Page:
After an ‘o my god’ moment of thinking our backpacks are too heavy, we packed and re packed the bags three times. I used the kitchen scale to check each item that went in – did you know that an iPad weighs 700g? We’re down to three tee shirts and as many underwear, socks, rain gear and essentials. My pack is 10.5 kg and Amna’s 8.5. That’s still pretty heavy!
Here I am at Dubai airport (we left the suitcase in Rome, would have looked pretty funny dragging the suitcase along the Via Francigena.)
We arrived in Rome and went to our hotel near Piazza Navona. On the way we passed the beautifully lit Ss Pietro and Paulo in EUR. We used to live just next to it from 1978 to 1981. Since it located on a hill, my parents apartment had a wonderful view across Rome to St Peters. EUR was built by Mussolini for the Universal Exposition in Rome in the 1930s. It is a masterpiece of Italian fascist architecture, but unavoidably, surrounded by all the beauty of Italy, it has a powerful and virile beauty of its own. We will go there on our return to Rome and post some photographs.
Yaver’s late father always used to remark on the flair of Italians for lighting up their buildings. Soon after getting to our hotel we went through the crowded Friday night streets, cafes and bars to the Piazza Navona, which was magical, beautifully lit and teeming with people of all ages. We had a slice of pizza (there goes our low carb diet) In the Piazza. This morning we woke up to this beautiful view of the little rooftop gardens from our hotel window.
On the way to the train station, we saw many policemen and uniformed officials. Amna is now beginning to understand what Ammon (her mother in law) meant by ‘put an Italian in uniform, even in the most insignificant role, and he starts strutting like a peacock!’ She found them pretty handsome though!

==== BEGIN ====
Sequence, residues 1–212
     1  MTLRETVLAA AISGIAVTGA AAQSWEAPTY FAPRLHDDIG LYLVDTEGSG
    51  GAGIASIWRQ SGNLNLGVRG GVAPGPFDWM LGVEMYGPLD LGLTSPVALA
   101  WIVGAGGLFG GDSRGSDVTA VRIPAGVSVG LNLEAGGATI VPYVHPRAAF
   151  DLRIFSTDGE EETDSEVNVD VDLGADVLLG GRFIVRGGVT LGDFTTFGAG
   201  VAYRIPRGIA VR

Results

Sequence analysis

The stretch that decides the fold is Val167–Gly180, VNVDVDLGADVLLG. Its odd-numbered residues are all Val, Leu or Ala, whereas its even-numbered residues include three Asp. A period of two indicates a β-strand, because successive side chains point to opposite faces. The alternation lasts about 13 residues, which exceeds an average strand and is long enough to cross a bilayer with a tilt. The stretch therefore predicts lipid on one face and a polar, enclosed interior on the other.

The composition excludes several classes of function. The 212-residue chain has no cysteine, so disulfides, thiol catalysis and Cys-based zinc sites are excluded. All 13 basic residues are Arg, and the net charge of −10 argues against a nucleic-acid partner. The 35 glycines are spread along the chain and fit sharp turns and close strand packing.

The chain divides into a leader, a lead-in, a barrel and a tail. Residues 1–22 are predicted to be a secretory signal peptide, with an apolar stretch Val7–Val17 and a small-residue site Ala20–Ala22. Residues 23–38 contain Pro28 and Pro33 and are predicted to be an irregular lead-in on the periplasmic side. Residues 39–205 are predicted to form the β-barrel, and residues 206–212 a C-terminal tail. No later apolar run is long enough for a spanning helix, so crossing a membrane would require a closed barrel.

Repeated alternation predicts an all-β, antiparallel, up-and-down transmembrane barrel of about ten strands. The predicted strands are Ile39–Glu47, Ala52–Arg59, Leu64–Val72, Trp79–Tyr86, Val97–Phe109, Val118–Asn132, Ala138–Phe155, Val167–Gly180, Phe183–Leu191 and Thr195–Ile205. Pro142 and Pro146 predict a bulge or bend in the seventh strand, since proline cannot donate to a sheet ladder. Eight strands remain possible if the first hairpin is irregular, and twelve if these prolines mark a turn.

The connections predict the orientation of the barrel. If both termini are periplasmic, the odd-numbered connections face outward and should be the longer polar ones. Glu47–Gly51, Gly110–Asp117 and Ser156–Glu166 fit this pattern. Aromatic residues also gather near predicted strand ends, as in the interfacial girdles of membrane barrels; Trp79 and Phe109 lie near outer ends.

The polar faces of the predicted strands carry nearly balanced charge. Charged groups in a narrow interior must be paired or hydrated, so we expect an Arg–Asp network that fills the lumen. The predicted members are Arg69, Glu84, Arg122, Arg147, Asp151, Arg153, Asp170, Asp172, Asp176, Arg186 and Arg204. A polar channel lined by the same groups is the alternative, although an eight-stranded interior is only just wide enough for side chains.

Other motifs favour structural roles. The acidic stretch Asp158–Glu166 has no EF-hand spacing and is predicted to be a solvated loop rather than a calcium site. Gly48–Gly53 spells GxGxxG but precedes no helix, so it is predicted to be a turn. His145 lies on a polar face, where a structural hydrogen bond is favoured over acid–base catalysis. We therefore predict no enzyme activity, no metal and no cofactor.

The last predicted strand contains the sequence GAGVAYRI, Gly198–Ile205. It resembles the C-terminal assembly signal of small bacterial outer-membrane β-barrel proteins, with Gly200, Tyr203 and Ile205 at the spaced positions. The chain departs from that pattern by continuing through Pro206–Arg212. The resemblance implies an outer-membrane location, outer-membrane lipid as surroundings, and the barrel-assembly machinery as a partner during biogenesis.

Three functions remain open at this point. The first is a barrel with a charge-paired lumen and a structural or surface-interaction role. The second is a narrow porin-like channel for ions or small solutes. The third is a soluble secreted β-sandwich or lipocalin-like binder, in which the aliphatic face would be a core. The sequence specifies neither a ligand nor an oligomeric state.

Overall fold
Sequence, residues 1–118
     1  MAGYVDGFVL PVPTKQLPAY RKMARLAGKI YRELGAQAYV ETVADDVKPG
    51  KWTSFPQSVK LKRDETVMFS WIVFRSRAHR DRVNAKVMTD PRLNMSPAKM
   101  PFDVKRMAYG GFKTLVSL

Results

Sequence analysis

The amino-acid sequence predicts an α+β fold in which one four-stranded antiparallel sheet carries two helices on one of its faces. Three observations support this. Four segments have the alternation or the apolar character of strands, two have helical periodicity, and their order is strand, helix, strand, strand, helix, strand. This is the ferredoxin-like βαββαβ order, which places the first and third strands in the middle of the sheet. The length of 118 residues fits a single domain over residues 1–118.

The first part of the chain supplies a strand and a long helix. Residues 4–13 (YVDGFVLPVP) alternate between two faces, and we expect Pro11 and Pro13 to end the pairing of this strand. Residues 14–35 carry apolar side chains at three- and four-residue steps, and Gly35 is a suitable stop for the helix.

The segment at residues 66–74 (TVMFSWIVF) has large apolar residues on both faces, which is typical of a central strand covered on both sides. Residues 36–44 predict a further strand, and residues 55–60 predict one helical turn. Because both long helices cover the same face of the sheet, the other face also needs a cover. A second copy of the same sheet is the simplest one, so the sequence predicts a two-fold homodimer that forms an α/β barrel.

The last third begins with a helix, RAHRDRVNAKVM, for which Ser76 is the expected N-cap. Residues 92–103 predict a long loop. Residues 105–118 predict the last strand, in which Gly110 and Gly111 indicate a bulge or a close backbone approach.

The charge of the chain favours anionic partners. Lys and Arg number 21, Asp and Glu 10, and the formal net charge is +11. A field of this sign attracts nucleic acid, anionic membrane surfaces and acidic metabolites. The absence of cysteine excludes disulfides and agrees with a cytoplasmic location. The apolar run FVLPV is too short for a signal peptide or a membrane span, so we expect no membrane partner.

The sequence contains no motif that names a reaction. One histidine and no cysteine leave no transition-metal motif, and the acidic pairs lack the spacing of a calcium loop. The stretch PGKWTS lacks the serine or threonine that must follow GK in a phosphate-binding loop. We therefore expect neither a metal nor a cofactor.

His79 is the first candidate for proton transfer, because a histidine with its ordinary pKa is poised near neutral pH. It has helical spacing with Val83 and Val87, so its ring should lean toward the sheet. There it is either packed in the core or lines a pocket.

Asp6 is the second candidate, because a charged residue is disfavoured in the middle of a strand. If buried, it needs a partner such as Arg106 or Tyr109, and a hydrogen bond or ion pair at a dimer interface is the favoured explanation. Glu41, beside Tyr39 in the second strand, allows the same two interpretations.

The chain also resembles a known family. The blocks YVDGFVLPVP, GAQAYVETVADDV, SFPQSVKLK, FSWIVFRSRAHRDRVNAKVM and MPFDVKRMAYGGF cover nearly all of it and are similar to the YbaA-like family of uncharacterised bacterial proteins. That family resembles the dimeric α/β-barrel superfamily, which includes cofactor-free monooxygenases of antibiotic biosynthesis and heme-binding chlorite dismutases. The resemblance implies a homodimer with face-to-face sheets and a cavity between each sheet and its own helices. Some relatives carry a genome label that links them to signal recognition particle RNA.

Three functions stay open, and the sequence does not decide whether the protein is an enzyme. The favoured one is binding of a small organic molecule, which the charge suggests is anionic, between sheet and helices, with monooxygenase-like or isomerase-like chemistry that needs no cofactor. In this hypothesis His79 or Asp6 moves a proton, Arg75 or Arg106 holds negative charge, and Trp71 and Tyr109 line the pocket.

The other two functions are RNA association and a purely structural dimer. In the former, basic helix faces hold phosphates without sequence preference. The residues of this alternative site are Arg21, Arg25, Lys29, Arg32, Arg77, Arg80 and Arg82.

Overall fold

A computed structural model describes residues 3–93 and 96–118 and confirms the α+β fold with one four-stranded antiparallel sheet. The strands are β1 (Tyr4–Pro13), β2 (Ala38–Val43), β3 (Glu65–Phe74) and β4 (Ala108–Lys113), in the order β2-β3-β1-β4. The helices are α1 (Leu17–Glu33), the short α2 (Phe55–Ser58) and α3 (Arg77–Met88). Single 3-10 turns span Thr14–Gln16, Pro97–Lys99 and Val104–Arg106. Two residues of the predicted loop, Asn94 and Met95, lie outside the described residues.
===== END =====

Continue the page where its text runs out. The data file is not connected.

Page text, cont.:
We took a fast train to Florence. 1 hour and 25 minutes at 245 km per hour for a journey that will take us 16 days to repeat.
An absolutely beautiful spring day in Florence. Bright blue sky, warm sunshine and not too crowded yet. The Duomo was spectacular, such an elaborate exterior, but surprising plain inside. But the exterior really made us wonder at the wealth of Florence at its height. We walked around for five hours looking at the Uffizi gallery and the Ponte Vecchio, the green hills beyond the Arno, shared an enormous bistecca fiorentina and a lovely coffee outside a quiet neighbourhood bar watching the people go by.
Then by local bus to San Gimignano. Towers aside, this has to be one of the most beautiful villages in Tuscany. There are 15 towers left, but its amazing to think that there were once 72! Competition amongst warring families led to this although the Black Death and an alliance with Siena put a stop to it. Not only does it present a Manhattan skyline, it has twin towers. Once the commune had placed a height limit on towers by building it’s own and legislating that no new two we could be higher, one powerful family built two just to show that it could build higher if it wanted to.
My first glimpse of San Gimignano was through the dirty window of the local bus. Perched high on the hilltop was this beautiful town shining golden in the late afternoon sun with these torres sticking high into the sky. What amazed me how they could have built these in medieval times and some of them have withstood the centuries. The surrounding countryside is just amazing and to think that very soon we will be walking through this! But my one disappointment is that I am in Tuscan pottery heaven and I can’t buy anything!
Link to Amina's blog: http://amnaabidi.wordpress.com/2013/05/05/on-our-way/
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